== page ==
Markynn West ‘vindicated’ after murder charge dropped due to self defense, attorney says

Markynn West was forced to act in self defense when he shot and killed Jin Shin in August, his attorney Lesa Pamplin said in an interview four days after the murder charge against West was dismissed by prosecutors.

Fort Worth police arrested West in December, and authorities later filed murder charges against three other men in the case. A grand jury indicted West but did not hand up murder indictments against the other three defendants. The Tarrant County District Attorney’s Office on Friday announced that it dropped the charge against West because he was defending himself and others.

Police had alleged that Shin was killed after a group of people surrounded him and he was assaulted and prevented access to his vehicle following a minor traffic accident. Pamplin said that’s not an accurate depiction of what happened and that Shin was intoxicated and threatening to the people at the accident scene. Pamplin said that Shin was the first one to shoot after he and West both retrieved handguns from their vehicles.

In 911 call audio obtained by the Star-Telegram, a woman who made one of the calls told dispatchers that Shin was drunk, had a gun and was shooting at the group. Surveillance video released by Pamplin shows Shin point his gun at people standing around him while West approaches with his own gun and multiple shots are heard. It’s unclear from the video whether Shin fired first.

Police previously said in arrest warrant affidavits that Shin kept his gun aimed toward the ground.

The Star-Telegram has requested a copy of the toxicology report from Shin’s autopsy. Star-Telegram media partner WFAA-TV reported, according to a source close to the investigation, that Shin had an elevated blood-alcohol level..

Fort Worth police declined to comment on the toxicology report or whether their investigation found that Shin fired his gun, citing “this trial being active.” While no murder charges are pending, two defendants, Keeton Sheppard and Quamon White, were indicted on charges of assault causing bodily injury to Shin during the incident.

Pamplin said she believes the accusation made against West was the result of an overzealous district attorney’s office eager to file charges. She blamed it on pressure from the Asian-American community in Dallas, where Shin lived, for Fort Wort police and the Tarrant County District Attorney’s Office to take action.

“It was a pressure campaign put on to smear my client,” Pamplin said. “That community wanted a hate crime and so they tried to give them a hate crime.”

West, 29, was arrested before new District Attorney Phil Sorrells took office in January.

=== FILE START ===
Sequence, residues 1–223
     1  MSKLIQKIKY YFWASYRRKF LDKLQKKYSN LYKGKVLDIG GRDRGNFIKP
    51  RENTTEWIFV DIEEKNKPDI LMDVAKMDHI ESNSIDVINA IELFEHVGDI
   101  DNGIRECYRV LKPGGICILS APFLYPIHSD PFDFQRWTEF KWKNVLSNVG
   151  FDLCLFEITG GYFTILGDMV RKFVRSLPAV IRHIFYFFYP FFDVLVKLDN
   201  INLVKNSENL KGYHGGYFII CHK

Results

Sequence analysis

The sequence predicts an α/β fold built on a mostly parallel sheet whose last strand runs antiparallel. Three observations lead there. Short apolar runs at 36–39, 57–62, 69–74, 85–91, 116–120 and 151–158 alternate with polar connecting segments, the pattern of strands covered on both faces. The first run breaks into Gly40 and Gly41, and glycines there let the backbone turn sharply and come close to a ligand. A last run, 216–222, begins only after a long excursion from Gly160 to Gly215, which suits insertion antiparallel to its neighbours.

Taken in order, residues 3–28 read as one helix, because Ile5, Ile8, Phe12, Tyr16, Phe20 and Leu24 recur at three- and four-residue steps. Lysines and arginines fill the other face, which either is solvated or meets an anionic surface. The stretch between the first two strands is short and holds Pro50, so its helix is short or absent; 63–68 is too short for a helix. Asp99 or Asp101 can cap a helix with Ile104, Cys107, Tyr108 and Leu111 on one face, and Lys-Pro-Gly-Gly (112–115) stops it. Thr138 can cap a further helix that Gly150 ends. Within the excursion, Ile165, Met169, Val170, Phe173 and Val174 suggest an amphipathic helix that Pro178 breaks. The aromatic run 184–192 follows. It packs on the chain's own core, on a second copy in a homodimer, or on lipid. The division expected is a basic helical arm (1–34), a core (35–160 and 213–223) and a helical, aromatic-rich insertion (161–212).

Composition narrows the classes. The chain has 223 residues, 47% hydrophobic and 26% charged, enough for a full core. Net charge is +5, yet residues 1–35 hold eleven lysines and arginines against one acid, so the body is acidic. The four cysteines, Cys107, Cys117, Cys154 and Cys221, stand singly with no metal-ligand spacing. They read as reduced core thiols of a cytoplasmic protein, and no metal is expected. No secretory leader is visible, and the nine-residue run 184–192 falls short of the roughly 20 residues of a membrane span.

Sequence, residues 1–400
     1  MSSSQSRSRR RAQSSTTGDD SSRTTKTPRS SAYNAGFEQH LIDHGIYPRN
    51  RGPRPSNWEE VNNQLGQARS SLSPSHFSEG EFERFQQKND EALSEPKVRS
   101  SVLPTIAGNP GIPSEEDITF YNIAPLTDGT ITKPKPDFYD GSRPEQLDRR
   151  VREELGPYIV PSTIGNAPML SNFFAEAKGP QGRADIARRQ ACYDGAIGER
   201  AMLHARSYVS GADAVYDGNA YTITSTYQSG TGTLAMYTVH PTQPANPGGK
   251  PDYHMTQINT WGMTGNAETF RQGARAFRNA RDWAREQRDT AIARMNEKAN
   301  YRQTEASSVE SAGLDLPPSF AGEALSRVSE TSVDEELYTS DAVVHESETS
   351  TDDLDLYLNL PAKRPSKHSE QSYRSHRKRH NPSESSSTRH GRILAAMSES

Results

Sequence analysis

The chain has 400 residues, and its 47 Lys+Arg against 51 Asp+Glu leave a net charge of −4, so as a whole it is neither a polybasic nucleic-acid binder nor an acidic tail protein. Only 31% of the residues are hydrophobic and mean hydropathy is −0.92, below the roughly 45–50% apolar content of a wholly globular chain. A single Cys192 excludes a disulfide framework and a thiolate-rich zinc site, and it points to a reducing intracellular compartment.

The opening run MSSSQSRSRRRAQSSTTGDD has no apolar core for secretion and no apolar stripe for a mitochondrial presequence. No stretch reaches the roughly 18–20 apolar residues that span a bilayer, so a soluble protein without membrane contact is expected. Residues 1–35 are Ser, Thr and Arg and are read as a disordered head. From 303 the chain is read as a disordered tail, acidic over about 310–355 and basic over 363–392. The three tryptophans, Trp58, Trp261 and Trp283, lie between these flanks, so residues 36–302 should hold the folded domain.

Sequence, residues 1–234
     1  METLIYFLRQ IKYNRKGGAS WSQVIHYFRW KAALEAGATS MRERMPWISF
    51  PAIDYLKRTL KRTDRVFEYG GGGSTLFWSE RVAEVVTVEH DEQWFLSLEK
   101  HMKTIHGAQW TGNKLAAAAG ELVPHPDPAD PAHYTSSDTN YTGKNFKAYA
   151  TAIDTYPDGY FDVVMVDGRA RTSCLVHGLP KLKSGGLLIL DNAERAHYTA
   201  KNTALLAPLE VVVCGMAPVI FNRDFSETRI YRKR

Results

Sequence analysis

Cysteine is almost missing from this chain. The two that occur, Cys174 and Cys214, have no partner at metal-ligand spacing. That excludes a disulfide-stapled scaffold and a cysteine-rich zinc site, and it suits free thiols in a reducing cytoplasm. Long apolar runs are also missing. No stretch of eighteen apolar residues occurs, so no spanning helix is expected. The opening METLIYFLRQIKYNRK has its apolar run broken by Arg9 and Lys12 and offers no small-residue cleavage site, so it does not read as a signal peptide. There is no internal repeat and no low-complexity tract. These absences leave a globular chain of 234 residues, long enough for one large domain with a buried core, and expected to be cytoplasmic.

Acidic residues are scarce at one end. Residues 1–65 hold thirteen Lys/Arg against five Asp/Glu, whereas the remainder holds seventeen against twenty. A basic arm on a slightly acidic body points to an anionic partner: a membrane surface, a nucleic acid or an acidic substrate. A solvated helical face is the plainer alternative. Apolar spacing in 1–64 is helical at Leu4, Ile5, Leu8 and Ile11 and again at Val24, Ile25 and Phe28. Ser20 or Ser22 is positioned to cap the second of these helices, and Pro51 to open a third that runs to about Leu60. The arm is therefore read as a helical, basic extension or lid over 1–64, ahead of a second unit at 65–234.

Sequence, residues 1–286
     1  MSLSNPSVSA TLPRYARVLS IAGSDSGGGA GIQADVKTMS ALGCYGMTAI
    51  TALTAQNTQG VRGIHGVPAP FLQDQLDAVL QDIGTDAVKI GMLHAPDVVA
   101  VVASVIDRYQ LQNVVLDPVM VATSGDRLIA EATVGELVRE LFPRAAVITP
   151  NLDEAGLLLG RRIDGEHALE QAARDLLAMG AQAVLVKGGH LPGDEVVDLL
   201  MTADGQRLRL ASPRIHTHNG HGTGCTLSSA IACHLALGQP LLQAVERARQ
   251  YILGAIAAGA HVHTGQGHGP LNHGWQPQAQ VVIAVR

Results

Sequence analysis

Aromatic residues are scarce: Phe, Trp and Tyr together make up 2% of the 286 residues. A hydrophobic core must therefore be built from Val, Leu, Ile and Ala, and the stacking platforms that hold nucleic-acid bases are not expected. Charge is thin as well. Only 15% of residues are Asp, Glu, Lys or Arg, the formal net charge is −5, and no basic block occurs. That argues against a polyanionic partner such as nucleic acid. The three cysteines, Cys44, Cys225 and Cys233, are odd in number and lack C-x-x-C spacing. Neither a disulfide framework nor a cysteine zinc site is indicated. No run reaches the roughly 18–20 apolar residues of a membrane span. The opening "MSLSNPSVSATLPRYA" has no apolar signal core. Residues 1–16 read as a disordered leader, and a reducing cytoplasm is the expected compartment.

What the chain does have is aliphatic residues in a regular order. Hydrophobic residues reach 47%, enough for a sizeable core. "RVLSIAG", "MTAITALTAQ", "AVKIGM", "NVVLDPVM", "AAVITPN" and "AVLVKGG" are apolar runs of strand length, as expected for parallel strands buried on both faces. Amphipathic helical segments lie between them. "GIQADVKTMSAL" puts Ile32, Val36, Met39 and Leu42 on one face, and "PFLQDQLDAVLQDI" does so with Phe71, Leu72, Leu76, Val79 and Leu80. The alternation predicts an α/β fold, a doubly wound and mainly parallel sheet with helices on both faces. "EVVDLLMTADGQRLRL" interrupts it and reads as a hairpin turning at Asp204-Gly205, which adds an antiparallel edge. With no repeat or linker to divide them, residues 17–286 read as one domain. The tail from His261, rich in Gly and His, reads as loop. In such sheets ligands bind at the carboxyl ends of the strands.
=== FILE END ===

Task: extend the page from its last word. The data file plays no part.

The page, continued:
Pamplin said West lost his job and sold his car to pay bills. She said that’s because of the information released by law enforcement.

“He’s been portrayed as a villain,” Pamplin said. “He’s been portrayed as a bad guy. When in actuality he saved some women’s life that night.”

A GoFundMe for West has been set up by one of his cousins to raise money for legal expenses and lost wages.

“Kynn has been a pillar of our family, supporting his mother and brother financially even during this case,” his cousin Kendra Richardson wrote in the GoFundMe description. “He has spent thousands of dollars on lawyer fees, court fees, and has had to sell his car to continue to support himself and his family.”

Pamplin said West didn’t want to shoot Shin but felt that he needed to in self defense.

“You don’t want to take anybody’s life, but he had to act,” Pamplin said. “He’s not going around saying anything about the guy (Shin.) We have kept quiet until now. He just wants people to know that he’s vindicated.”

Kerri Mejia, Shin’s sister, said the family has more questions about the murder charges being dropped than they did before now that videos and 911 audio have been released.

She said the family is concerned that videos might have been deceptively cut and that not enough context is available with the 911 calls, such as the times they were made.

A family friend told the Star-Telegram in August that all that Shin’s family and friends wanted was justice. Some in the Asian-American community in Dallas, including Shin’s family and friends, held events to raise awareness, demanding more transparency from law enforcement and arrests of anybody who illegally attacked or killed Shin.

Shin has been celebrated since his death as a uniter of different communities. He has been described as a kind person who went out of his way to help those in need. He was seen as a mentor with a philanthropic heart and an advocate for the Asian-American community.

In an update last week to a GoFundMe raising money to cover the costs of Shin’s funeral, legal fees of the family and other expenses, the family wrote that they don’t agree with the decision to drop charges.

“I know justice my family and his loved ones wanted will not occur in court, but I do hope those individuals know their wrongdoing and I believe God will see that through on their Day,” the update reads. “I honestly don’t know what to say other than I’m sorry to my brother this is how it turned out, and for anyone that loved/cared about him.”